ones that will deliver the desired power to the speaker. The system power amp must have a 70 volt
output, and its power rating must be equal to or greater than the "sum" of all the individual power levels
desired to be delivered to each speaker by each of the line matching transformers connected to the
power amp.
The only decision to be made in such a system is how much power is to be delivered at each speaker
location. Once this is determined, then the "tap" associated with that power level is selected, and you
simply add up all the individual "powers" to determine the power amp requirement. Superficially, that's all
there is to it, but in practice most installers "pad" the power requirement and use a larger power amp than
necessary, because they know that the transformer loading is greater than expected. Additionally, there
are power losses associated with the line matching transformers, so the delivered speaker power will be
less than expected. Nevertheless, no complicated impedance calculations or series/parallel
speakers...just simple addition. Neat, huh?...Now for some details...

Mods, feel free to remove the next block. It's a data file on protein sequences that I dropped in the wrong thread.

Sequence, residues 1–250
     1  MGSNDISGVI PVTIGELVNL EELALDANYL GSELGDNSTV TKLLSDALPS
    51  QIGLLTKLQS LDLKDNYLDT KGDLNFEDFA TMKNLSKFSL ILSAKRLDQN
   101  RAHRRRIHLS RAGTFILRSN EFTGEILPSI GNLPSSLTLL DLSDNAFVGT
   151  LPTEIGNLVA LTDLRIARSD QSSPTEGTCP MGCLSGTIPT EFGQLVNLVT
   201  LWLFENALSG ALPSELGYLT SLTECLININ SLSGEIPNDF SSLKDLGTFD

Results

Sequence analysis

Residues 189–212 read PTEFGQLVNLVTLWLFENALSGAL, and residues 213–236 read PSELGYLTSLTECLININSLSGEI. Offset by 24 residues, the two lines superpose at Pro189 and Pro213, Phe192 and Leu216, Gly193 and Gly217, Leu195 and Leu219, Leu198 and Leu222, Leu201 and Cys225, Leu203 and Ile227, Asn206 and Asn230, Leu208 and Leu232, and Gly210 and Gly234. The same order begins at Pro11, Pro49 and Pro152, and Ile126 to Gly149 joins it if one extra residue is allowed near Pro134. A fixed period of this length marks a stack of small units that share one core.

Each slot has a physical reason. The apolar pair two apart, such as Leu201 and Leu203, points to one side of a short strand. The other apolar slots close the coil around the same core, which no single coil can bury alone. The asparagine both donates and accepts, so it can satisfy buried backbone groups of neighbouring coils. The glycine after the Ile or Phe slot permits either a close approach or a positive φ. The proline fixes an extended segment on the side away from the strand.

As I mentioned earlier, the whole constant voltage distribution system relies on relatively "small and
inexpensive" line matching transformers, and as such is the 'secret' of the system. The concept of a
transformer for many of us goes back to usage as a kid with the "electric trains" or some other low voltage
application where the transformer was designed to plug into the wall socket and convert the AC mains
(line) to some lower value of AC. In audio applications, transformers are used to convert impedances from
one value to another. This is where they really "excel" and is the real "magic" that makes these
distribution systems work. Let's review some theory:
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Transformers only work on AC voltages...they are short circuits to DC. They raise or lower AC voltages in
direct relation to the turns ratio, and they convert impedances up or down in direct relation to the "turns
ratio" squared.
Now, back to the matching transformer diagram: It has secondary wires of common, 4 ohms and 8 ohms.
The primary wires include common, 10 watts (500 ohms), 5 watts (1 k ohms), 2.5 watts (2k ohms), 1.25
watts (4k ohms), & 0.625 watts (8k ohms). What this is saying: If you put an 8 ohm load (speaker) on the
8 ohm secondary tap (or 4 ohm load on the 4 ohm tap), this transformer, by its design, will convert the
load upward to a new indicate value (assume 500 ohms), dependent upon which primary tap you select
together with the common tap. Now, it just so happens that if you place a 500 ohm load on a constant 70
V RMS line, you will deliver exactly 10 W RMS to that 500 ohm load, and in this case you will "transform"
that 10 W RMS into the 8 or 4 ohm loudspeaker load.
Having the power rating indicated, you really don't have to get involved in the fact that the "reflected" load